We need all the encouragement we can get in evangelism, especially in our world today that sees Christians as the “bad guys.” Sam Chan helps us a ton.

Knowing how to engage in good conversations with Mormon friends and acquaintances is crucial in our pluralistic world today. Former Mormon and apologist, Corey Miller shares his very helpful insights from his experiences and study.

Apologetics without evangelism leaves the task unfinished. Evangelism without apologetics risks a shallow approach to a very deep process. Andy Bannister helps us weave the two together.

Did you start some good reconnecting with people during the early stages of Covid-19? Perhaps it’s time to renew those conversations. This could be a great time to reach out to non-Christians and offer hope from sources other than policies and medicine.

Too many of us embrace grace for our salvation but then leave it behind in our everyday lives. We base our relationship with God on our performance rather than on His love for us. But our performance can never earn us the love we so desperately crave. Renowned author Jerry Bridges’s Transforming Grace is a fountainhead of inspiration and renewal that will show you just how inexhaustible and generous God’s grace really is.

Christians are called to be ready to make a defense of the faith. But as cultures change, the questions and approaches to that task shift. Philosopher Paul Gould helps us navigate these tricky waters through insights from his book Cultural Apologetics.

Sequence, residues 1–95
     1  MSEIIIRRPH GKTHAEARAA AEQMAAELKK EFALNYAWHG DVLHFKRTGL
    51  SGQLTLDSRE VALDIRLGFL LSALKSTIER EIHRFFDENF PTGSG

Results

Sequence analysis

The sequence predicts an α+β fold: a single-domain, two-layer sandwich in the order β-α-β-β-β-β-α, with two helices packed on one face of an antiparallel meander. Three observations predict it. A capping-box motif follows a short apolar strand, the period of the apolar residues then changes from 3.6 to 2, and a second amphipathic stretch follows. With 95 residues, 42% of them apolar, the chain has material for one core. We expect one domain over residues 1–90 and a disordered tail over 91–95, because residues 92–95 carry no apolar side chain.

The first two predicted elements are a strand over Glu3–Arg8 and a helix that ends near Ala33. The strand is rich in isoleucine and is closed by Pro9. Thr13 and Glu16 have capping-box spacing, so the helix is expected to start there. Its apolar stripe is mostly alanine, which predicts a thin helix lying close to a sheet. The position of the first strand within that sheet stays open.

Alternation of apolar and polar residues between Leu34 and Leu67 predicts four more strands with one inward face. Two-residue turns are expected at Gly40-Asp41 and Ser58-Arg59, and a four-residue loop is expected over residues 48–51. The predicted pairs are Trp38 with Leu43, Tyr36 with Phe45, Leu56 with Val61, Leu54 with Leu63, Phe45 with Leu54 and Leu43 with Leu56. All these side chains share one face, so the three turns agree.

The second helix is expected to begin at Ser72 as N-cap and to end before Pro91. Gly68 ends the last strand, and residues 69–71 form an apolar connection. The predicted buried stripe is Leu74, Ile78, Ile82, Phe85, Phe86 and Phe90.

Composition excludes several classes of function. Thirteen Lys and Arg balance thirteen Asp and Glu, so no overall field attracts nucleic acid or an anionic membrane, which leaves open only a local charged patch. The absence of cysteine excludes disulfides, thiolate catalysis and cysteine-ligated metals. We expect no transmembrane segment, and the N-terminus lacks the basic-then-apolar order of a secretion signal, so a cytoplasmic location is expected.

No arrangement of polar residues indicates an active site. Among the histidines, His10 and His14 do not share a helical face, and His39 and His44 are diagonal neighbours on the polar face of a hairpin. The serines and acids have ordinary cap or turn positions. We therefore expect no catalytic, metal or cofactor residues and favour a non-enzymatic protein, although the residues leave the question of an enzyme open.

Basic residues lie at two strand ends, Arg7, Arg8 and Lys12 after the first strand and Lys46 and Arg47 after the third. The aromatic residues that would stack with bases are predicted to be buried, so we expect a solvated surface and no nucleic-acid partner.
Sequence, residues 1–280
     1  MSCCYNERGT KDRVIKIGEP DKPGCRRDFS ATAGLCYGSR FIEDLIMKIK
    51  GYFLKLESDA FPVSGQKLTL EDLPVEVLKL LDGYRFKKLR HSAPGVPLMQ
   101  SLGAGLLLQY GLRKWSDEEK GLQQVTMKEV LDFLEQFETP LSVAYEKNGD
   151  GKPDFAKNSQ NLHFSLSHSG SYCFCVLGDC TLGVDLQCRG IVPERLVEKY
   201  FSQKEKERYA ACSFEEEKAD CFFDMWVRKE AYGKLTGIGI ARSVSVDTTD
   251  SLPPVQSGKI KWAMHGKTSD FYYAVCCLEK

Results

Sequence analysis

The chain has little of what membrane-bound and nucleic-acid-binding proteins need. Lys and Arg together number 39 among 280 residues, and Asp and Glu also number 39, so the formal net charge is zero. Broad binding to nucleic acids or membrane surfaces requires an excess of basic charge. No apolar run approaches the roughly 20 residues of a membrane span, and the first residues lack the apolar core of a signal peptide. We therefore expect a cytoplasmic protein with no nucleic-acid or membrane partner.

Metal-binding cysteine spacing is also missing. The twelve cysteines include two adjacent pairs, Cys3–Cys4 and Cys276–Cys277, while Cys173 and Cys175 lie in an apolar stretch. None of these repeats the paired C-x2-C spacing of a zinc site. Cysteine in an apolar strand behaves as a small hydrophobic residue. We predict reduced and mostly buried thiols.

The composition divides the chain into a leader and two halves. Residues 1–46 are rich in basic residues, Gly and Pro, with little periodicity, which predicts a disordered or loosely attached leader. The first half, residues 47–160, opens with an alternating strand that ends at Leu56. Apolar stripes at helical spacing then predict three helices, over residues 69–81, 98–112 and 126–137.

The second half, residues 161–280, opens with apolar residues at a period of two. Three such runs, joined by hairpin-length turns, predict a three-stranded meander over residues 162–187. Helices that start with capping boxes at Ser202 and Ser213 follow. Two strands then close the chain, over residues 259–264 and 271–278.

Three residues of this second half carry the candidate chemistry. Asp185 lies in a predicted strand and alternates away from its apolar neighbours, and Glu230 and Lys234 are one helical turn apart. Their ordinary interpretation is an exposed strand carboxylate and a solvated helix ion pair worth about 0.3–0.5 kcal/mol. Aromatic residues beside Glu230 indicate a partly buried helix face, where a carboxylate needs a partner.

Broadcast Talks

Three powerful questions. Take them away, try them out during the holiday season. Try them outside the holiday season, and see what happens as you start using questions in evangelism. My prayer is that as you do that boldly, or maybe falteringly at first, as you draw your friends into conversation, you’ll discover that the Lord can work through you in incredible ways, just as He works through questions in the Gospels.

Every generation has challenges, both cultural and theological. There are three challenges we’re facing to pass our faith on to the next generation. I will touch on one in a major way and two in a minor way.

The really encouraging thing, the exciting thing, is that if we learn to use the Jesus method and ask really good questions, then they are a powerful tool to help us both to overcome fear and to handle these sticky situations in which we as Christians sometimes find ourselves.

Looking to Learn More About Sharing Your Faith? Consider our Study Courses


These resources are more time-intensive and require signing up for FREE course access. The process of registering is outlined below:

  1. Follow the link here to access the main page for CSLI Study Courses
    2. Select a Study Course of your choice and click the "Sign Up For Course Access" Button
    3. Fill out the linked form with all relevant information
    4. Use the email provided password to "Loginon the study course page
    5. Enjoy the free Study Courses designed to help you in your walk with Christ!

Check out basic apologetics course, conversational apologetics course, and the women's apologetics courses!

Recommended Reading

Arguably the 20th century's most influential Christian writer, C.S. Lewis sought to explain and defend the beliefs that nearly all Christians at all times hold in common. His simple yet deeply profound classic, originally delivered as a series of radio broadcasts, is a book to be thoroughly digested by believers and generously shared with skeptics. Paperback with French f laps and deckled page edges.